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To Sue, or Not to Sue: Defamation, Slander and Libel 101 – The Basics

Looking at Defamation from a PR Point of View

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If you’re a public figure, or in the public relations business, there’ll be times when people say such outrageously wrong things – on TV, in print, on the web – that the person attacked will want to file a lawsuit.

The law differs depending on where you live. British law makes it easier to win these sorts of lawsuits.

In the United States, it’s tougher.

Every reporter who’s gone to journalism school has taken press law, and as a professional, they don’t want lawsuits filed against them saying that (a) they carelessly and knowingly printed lies, or said lies over the air, and (b) those lies hurt somebody.

On the other hand, filing a lawsuit for defamation, slander, libel or invasion of privacy is a big step, and from a PR standpoint, it can be a big mistake.

Though laws are different, the common principle in defamation of character cases are, basically, this:

(1)    Someone published a falsehood about another person.
(2)    That falsehood was damaging that person.

Then it gets complicated.

“Published” doesn’t have to mean printed in a newspaper. It can be said on a TV program, on the radio, in a speech, printed on flyers – basically, it has to be spread somehow, intentionally.

Libel typically refers to publishing something that’s permanent. A newspaper.

Slander usually refers to publishing a falsehood by saying it, or another transitory method. In the electronic age, maybe an internet chat session.

When a Regular Citizen Is the Victim

Regular citizens are treated differently, both when they say something false and when they’re the victims of defamation.

If you’re a private citizen, and a newspaper prints something false that’s damaging, there’s a much lower bar to hurdle to get damages from them in court.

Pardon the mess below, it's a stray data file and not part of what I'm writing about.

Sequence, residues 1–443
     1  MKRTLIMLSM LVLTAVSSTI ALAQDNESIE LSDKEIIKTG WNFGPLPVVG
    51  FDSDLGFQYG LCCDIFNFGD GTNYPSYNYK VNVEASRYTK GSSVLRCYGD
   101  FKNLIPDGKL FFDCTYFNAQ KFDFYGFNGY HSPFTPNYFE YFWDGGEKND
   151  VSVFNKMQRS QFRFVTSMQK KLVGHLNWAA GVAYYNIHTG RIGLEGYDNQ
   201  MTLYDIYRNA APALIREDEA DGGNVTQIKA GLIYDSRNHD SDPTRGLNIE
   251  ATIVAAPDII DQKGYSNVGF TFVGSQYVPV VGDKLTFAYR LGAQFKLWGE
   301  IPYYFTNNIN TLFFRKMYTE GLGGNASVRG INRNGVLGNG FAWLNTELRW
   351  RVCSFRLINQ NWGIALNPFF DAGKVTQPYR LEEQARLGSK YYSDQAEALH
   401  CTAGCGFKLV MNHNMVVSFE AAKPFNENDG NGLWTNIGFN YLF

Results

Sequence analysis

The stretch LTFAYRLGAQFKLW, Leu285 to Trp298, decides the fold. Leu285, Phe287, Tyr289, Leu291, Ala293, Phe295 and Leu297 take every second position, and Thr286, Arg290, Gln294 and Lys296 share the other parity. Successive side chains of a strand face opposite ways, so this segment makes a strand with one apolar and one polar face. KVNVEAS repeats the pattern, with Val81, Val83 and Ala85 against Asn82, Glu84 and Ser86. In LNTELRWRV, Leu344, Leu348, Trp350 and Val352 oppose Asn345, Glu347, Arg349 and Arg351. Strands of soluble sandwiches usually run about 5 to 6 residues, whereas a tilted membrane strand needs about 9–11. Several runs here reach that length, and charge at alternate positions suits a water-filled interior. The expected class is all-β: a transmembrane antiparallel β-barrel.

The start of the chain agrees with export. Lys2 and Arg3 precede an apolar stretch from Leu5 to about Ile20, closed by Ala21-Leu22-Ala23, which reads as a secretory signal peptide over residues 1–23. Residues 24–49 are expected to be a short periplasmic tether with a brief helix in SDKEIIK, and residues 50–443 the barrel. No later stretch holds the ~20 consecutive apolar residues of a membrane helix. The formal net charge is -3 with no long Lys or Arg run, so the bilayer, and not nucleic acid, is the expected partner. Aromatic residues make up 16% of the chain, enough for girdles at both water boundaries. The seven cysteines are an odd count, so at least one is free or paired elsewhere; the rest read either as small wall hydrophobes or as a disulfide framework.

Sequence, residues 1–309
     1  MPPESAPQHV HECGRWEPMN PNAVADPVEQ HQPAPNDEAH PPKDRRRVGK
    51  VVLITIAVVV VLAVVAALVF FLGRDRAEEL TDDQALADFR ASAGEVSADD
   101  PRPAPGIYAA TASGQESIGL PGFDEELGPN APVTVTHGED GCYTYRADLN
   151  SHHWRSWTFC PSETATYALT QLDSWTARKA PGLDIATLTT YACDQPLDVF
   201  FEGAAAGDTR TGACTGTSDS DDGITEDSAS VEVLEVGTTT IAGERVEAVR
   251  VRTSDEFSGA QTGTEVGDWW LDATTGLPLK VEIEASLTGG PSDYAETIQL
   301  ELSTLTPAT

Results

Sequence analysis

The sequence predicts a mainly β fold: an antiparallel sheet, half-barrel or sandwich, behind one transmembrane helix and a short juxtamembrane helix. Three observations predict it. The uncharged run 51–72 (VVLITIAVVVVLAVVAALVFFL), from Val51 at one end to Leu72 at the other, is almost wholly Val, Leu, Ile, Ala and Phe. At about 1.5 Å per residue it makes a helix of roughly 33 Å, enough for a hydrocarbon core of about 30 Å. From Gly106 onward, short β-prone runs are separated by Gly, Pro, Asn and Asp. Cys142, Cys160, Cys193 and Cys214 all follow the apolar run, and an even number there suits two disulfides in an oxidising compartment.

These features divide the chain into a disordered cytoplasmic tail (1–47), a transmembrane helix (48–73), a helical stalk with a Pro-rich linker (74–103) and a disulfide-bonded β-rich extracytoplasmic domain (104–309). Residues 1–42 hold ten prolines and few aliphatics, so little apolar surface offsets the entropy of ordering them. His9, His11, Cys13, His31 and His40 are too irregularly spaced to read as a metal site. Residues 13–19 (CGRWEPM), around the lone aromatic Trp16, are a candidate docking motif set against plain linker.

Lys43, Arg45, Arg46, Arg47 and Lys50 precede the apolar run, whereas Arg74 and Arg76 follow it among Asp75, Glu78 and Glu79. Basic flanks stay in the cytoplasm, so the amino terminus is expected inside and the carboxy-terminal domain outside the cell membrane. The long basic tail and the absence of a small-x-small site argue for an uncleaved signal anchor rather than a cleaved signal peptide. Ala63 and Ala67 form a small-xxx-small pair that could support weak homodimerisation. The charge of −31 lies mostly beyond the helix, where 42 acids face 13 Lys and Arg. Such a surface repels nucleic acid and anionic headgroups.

Here’s an example: You’re Joe Smith, a plumber, minding your own business. Somebody with a similar first and last name – Jake Smith -- is arrested and accused of a shooting a police officer. The newspaper is careless and puts a story on page 1 with the headline, “Joe Smith accused of shooting state trooper” with a photo of you they had from when you were the Rotary Club vice president.

Clearly, they published something false. Obviously it’s damaging. Who wants to hire a plumber accused of being a cop killer? This is a classic case where a correction on the bottom of page 3 won’t fix things. So you’d see a lawsuit for libel. The newspaper would probably lose. Clearly, they made a mistake.

When a Public Figure Is the Victim

In the United States, the bar is much higher when it’s a public figure who’s the victim.

Even if you don’t intend to be famous, and aren’t a public figure or celebrity, the courts have ruled that you can become an involuntary public figure – by being accused of a crime, for example.

The 1964 Supreme Court case New York Times vs. Sullivan established that a public figure must prove that not only that a false statement was published it, but that it was done with “actual malice.”

That means the person or media organization making the false statement knew it was false but published it anyway, or should have known it was false. That they demonstrated “reckless disregard for the truth” – they didn’t check, or they didn’t care.

This is a huge hurdle to leap.

There’s a gray area, an in-between category of a “limited public figure” – a private citizen, a non-famous person, who injects themselves into a debate or the public eye. If you do that, you lose some of the protections of being a plain old private citizen.

Now, let's say it's all of those conditions are met, that it's a clear case so far. There are still defenses that you have to hurdle.

And if those defenses don't pose a problem, you should look at the costs and benefits -- from a PR perspective -- before you decide to sue and start calling lawyers.

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